The alimony laws governing spousal support in Vermont is different from what is obtainable in other states. Read further to grasp the peculiarity of the VT alimony law.
All 50 states in America are alimony states, meaning states that have enacted laws permitting a spouse who cannot work full time or with a lower income to request payments from the other spouse to support themselves after a divorce.
What is Alimony?
Also referred to as “spousal support” or “spousal maintenance” in Green Mountain State, alimony is the series of payments made by one spouse (the payor spouse) to another (the supported or payee spouse) after the divorce.
Before the alimony payments commence, there has to be a written order or agreement which requires the payor to support the payee with a stipulated amount of money.
This agreement eliminates any disputes in the future about why the payment was made or when it’s not made.
Type of Alimony Laws Practiced in VT
Temporary Support in Vermont
The goal of interim assistance is to give a lower-earning spouse the financial means to make ends meet while the divorce is being finalized. Temporary maintenance will stop when the divorce is finalized by the judge. (Vt. Stat. Ann. tit. 15, § 594a.)
Rehabilitative Maintenance in VT
In Vermont, this is the most prevalent sort of spousal maintenance. Judges order rehabilitative support when a dependent spouse has the ability to be self-sufficient but needs time to obtain the requisite education or career training to find work.
Rehabilitative support is normally terminated by the court on a certain date or incident. If the beneficiary believes the further time is required, he or she may petition the court for a review. (Vt. Stat. Ann. tit. 15, § 752 (a).)
Permanent Support in Vermont
Permanent support decrees are extremely uncommon. Long-term support is only granted in circumstances when one spouse is unable to work owing to age or disability. Alternatively, if there is a considerable wage disparity between the spouses, one spouse has been out of work for an extended period of time (stay-at-home parents), or there are other extenuating circumstances.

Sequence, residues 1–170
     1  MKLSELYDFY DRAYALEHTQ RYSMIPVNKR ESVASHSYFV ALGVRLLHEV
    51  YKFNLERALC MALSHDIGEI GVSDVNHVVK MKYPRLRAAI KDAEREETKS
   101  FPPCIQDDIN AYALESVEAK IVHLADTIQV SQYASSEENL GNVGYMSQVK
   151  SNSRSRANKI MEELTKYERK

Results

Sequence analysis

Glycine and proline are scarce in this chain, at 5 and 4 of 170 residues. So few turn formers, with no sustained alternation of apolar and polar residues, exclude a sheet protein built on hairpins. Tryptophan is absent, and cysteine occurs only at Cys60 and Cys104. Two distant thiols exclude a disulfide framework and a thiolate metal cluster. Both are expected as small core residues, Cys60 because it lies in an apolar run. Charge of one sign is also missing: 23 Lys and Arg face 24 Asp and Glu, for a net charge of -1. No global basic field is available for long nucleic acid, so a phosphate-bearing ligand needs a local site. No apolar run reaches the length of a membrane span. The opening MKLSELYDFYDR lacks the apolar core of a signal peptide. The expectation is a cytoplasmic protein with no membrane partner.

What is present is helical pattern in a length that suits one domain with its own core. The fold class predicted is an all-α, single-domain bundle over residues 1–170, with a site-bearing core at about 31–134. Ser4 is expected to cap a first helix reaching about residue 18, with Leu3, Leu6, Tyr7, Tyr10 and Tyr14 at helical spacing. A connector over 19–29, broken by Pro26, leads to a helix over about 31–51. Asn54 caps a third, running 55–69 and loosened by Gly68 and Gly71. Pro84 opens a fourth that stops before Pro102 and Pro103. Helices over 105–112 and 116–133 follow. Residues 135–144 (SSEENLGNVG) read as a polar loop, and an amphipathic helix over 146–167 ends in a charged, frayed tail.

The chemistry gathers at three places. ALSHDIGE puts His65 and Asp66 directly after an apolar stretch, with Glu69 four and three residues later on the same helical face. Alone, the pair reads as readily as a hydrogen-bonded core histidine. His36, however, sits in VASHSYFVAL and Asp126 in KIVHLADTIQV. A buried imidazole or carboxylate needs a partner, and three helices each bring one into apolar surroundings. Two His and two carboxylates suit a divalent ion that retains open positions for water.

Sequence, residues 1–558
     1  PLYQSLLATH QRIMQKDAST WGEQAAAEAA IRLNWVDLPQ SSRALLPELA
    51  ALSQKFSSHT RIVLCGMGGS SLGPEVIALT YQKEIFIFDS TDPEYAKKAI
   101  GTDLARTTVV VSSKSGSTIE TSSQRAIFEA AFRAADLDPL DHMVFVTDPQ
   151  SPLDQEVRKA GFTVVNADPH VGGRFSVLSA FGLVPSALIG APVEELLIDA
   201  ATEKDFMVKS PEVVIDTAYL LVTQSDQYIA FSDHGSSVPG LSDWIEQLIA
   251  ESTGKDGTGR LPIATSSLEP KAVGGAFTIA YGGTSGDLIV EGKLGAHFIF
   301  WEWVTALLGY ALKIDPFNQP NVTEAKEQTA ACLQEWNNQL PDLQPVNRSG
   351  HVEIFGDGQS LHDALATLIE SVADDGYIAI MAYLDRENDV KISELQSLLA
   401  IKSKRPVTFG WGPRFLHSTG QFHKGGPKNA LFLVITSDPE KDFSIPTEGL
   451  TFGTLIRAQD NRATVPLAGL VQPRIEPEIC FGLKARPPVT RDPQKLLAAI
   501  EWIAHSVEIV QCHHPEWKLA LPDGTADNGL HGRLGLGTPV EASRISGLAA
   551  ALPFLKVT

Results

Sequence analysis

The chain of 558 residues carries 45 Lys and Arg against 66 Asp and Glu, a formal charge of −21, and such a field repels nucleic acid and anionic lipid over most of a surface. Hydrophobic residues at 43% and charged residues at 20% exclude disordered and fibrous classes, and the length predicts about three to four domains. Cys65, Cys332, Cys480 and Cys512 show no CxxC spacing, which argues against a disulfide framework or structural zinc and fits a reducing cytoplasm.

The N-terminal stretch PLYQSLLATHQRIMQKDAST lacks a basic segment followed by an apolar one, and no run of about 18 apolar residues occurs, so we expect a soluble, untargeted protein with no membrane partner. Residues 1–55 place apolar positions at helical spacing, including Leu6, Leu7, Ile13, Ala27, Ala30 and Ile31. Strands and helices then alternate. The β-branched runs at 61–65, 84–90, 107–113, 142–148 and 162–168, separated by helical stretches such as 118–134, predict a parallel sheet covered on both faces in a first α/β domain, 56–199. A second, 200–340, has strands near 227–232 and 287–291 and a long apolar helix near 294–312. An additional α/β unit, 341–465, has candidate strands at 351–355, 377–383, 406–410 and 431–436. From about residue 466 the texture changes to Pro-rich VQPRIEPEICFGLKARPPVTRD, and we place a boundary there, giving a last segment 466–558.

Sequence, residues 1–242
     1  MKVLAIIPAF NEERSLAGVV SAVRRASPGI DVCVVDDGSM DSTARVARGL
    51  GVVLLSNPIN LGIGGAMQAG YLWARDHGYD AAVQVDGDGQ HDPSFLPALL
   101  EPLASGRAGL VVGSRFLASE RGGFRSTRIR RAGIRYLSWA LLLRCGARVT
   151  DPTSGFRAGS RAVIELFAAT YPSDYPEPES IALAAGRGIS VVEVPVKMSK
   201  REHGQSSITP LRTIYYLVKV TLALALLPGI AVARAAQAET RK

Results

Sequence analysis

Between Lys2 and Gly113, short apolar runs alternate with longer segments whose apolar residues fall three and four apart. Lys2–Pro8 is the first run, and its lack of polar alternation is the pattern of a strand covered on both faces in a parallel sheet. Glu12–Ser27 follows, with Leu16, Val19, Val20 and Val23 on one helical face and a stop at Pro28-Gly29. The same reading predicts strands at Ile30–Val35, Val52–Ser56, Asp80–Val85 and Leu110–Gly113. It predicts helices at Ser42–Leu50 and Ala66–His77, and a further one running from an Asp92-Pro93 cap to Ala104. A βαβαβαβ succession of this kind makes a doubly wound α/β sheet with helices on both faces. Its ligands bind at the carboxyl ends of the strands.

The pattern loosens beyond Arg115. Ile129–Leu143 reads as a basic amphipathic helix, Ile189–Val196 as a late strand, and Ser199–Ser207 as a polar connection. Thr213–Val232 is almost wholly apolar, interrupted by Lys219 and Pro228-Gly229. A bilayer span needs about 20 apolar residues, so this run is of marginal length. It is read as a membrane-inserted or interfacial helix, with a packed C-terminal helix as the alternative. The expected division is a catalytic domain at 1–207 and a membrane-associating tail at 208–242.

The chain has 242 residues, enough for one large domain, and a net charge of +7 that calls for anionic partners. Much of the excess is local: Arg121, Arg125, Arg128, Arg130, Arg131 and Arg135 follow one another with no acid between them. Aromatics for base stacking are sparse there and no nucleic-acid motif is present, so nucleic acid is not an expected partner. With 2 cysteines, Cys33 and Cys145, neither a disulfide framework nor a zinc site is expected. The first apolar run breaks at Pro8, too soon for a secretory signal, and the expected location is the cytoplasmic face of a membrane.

Permanent support is paid permanently unless the court rules differently, or until a review determines that the award is no longer warranted.
Who Pays Alimony in Vermont?
In Vermont alimony law, the spouse that makes most of the money will share that income with the other spouse. The idea behind who pays for alimony is to considerably level up the living standard of the dependent spouse to what it was while the marriage was on.
Regarding the sex that pays, alimony in Green Mountain State is gender-neutral, meaning either spouse can request support from the other. As long as the alimony can be provided to the requesting spouse, then it will most likely be granted.
So a husband can receive alimony from a wife in Vermont if the above conditions are met.
How Long Does Spousal Support Last in VT?
The duration to pay alimony in Vermont can differ depending on the individual judge and circumstances. However, you should expect to pay spousal support for a duration of 80-70% of the length of the marriage lasted. So assuming you were married for 10 years, the spousal support duration will most likely be between 6 to 7 years.
As provided by the alimony laws of VT, rehabilitative and permanent support stops if either spouse dies or the supported spouse remarries.
How to Collect Spousal Support Arrears in Vermont
When it comes to collecting spousal support in Vermont, you have a few choices if your ex-spouse has failed to make alimony payments as ordered by the court. Debts for spousal support are frequently given priority among debtors under US law.
Factors That Influence Spousal Support in Vermont